For example, Emily is the marketing director at XYZ Manufacturing CO. She fills out the project details section with two sentences stating,
“We’re not sure what to do for this project, but we are looking forward to some of your ideas!“
That’s your hint: Emily is granting you creative freedom for the task.
Let’s take a different example. John from ABC Publishing CO wrote 2 to 4 paragraphs of several ideas. It would be in your best interest as a designer to start consolidating those ideas with your client, especially if they seem poorly thought out. We recommend you take notes on what you and the client have agreed on. Remember, you have to consolidate those ideas into one practical idea.
5. Copy section
This is an essential category for the client to fill out. You will want to leave a lot of space for this section. You may notice only 10% of the space is utilized by the client on design brief submission for most tasks. However, what starts to add up quickly is the Disclaimer text. You know, the fine print text on the bottom back side of a design that nobody reads? Yes, that one.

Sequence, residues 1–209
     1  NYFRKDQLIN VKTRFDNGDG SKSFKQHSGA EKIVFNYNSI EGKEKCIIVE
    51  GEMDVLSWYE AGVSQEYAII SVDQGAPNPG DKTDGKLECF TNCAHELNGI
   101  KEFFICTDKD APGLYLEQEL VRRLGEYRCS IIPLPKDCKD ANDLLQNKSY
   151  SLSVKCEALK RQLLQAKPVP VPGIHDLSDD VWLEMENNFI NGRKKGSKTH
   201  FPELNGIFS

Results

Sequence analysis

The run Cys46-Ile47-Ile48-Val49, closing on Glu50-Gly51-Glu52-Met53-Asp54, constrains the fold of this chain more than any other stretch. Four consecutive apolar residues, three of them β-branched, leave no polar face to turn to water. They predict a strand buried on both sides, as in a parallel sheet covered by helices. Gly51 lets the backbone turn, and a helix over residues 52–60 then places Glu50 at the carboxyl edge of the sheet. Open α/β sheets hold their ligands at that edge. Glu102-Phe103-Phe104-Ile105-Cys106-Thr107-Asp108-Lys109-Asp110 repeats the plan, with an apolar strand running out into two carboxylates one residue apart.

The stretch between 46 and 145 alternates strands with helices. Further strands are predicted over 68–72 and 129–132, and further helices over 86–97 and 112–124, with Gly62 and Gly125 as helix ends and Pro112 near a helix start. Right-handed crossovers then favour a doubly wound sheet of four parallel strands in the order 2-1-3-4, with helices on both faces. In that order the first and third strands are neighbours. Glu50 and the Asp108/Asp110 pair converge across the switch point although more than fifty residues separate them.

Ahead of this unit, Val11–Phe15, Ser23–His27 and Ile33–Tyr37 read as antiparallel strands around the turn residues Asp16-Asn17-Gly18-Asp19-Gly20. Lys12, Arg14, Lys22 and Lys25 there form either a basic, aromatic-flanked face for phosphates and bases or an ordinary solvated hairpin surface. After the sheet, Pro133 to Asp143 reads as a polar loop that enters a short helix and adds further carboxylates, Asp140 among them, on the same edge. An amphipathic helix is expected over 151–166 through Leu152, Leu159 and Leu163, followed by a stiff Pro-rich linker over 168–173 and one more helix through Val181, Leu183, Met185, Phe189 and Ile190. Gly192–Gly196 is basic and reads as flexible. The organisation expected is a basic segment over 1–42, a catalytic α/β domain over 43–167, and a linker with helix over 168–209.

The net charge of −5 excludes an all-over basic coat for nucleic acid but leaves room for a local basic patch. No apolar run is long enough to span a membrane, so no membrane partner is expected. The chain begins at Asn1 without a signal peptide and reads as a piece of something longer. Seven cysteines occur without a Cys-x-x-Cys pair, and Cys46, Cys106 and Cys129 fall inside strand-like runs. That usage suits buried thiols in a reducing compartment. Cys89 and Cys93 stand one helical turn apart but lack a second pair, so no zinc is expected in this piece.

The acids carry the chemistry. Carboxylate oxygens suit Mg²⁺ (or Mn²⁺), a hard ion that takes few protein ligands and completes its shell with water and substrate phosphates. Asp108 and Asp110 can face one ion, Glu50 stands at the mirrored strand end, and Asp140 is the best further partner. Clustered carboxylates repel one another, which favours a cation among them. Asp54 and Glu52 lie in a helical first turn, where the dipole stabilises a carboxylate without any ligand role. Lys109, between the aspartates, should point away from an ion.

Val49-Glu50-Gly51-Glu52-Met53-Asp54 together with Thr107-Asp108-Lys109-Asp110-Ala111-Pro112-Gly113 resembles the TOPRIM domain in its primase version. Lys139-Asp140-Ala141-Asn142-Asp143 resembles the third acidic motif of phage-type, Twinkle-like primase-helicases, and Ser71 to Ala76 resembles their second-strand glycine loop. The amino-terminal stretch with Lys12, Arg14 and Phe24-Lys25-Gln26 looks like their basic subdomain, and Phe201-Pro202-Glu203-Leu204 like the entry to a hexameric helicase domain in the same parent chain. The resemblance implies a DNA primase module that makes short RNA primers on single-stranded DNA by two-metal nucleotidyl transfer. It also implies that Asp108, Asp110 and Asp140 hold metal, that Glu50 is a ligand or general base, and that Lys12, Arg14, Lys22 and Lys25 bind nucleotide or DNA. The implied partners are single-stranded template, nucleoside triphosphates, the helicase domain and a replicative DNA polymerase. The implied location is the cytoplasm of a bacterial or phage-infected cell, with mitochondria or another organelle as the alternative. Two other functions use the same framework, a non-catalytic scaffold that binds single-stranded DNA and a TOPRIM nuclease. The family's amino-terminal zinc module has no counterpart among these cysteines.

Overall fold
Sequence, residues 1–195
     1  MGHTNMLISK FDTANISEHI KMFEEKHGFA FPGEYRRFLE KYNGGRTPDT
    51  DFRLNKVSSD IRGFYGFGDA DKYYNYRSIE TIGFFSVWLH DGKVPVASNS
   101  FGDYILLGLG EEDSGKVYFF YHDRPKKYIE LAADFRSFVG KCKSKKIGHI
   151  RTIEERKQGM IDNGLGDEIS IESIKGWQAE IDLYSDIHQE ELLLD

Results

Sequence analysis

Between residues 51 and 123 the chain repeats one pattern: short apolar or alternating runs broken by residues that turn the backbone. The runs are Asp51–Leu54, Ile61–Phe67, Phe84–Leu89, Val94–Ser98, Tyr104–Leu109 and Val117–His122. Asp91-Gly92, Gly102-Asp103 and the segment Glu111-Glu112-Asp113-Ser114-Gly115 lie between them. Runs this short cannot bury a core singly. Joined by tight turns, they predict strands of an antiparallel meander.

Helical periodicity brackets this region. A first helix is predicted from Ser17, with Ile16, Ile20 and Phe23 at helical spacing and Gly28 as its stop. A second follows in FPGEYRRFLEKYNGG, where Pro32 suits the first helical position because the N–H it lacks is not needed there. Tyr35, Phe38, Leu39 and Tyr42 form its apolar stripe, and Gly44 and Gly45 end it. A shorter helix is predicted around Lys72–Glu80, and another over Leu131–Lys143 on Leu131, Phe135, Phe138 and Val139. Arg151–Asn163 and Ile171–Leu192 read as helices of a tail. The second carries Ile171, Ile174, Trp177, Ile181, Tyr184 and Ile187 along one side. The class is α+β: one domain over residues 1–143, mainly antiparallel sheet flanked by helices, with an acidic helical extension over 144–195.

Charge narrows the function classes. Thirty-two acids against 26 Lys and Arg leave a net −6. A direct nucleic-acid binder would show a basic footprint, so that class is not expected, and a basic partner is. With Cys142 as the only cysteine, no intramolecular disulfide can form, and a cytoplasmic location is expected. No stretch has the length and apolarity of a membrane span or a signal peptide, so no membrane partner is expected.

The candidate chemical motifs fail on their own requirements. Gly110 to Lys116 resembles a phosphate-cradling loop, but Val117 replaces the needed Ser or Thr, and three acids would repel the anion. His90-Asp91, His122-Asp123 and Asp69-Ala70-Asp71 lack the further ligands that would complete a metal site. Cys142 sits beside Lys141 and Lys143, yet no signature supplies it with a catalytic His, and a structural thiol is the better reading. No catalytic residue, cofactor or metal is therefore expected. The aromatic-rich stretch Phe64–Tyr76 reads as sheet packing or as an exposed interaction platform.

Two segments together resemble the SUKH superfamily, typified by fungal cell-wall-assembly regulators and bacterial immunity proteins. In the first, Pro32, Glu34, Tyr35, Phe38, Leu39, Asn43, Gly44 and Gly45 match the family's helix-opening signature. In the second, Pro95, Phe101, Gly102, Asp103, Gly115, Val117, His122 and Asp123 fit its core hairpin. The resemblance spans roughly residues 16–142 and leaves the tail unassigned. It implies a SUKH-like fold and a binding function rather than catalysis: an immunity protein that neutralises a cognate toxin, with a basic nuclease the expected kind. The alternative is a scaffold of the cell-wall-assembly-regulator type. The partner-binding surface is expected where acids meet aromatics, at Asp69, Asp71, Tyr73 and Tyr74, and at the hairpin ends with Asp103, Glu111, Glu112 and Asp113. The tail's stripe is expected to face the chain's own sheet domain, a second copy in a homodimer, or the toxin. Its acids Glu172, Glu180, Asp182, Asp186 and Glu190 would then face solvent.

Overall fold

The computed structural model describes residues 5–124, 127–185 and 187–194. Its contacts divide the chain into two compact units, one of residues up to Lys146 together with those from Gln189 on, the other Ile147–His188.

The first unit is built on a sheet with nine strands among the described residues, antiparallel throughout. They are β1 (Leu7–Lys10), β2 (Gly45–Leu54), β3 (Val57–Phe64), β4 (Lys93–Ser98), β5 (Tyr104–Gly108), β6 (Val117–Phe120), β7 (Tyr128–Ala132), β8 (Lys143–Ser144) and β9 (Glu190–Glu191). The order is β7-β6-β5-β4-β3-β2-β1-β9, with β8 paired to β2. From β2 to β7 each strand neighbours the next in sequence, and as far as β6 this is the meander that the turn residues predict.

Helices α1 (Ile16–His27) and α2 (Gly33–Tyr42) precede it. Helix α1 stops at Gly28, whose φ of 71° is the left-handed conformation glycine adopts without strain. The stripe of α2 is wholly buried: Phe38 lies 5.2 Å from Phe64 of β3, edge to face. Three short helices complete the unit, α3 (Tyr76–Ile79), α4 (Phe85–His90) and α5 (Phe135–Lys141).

Also, for this category, you will want to list some instructions for the client. Our design brief specifies that the copy should be broken up using quotations.
We do this so the client can write instructions – if any – between copy blocks (text blocks). That means only some words written in the copy section will be copied and pasted into the design.
6. Company-specific features
In this example, we added a check box for the client to let us know if they want us to generate AI copy for their design. At Howdy Patron, we offer this feature to clients for social media ads and posts.
Feel free to add your branding to the design brief.
Graphic design brief example: Filled out
Here is an example of a design brief completely filled out. Notice how the Copy section utilizes the open and closed quotes system to break up text blocks. You are trying to avoid a massive wall of copy. Using our system, you’ll know where to end or begin a text block on the design itself.
GRAPHIC DESIGN BRIEF
Prefer a video tutorial instead? Here you go!
Conclusion: Crafting a Perfect graphic design brief
A design brief is essential for designers to understand a client’s expectations. It should always be taken seriously and submitted before beginning graphic design work.
In this article, we shared ideas about key categories and what you should incorporate in your brief, just as we do here at Howdy Patron. This design brief has worked well for us; you can borrow some of the concepts we discussed in the article. That’s fine with us. Cheers!